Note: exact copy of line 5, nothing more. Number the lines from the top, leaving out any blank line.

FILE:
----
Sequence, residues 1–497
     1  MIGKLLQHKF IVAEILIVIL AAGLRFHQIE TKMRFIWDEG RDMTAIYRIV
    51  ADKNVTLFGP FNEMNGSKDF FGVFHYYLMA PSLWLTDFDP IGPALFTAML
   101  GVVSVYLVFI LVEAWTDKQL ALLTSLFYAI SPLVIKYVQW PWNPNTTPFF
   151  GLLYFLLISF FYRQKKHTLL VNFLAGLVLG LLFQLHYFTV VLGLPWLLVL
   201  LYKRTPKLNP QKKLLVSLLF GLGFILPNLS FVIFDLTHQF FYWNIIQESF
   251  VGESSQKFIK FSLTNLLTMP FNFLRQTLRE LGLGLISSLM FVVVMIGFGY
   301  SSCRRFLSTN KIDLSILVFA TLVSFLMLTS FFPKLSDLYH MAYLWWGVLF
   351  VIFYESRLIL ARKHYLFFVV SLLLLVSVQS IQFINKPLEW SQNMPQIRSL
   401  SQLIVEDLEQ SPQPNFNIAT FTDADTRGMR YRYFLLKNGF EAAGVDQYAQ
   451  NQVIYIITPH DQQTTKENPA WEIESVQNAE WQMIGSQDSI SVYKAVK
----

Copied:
   151  GLLYFLLISF FYRQKKHTLL VNFLAGLVLG LLFQLHYFTV VLGLPWLLVL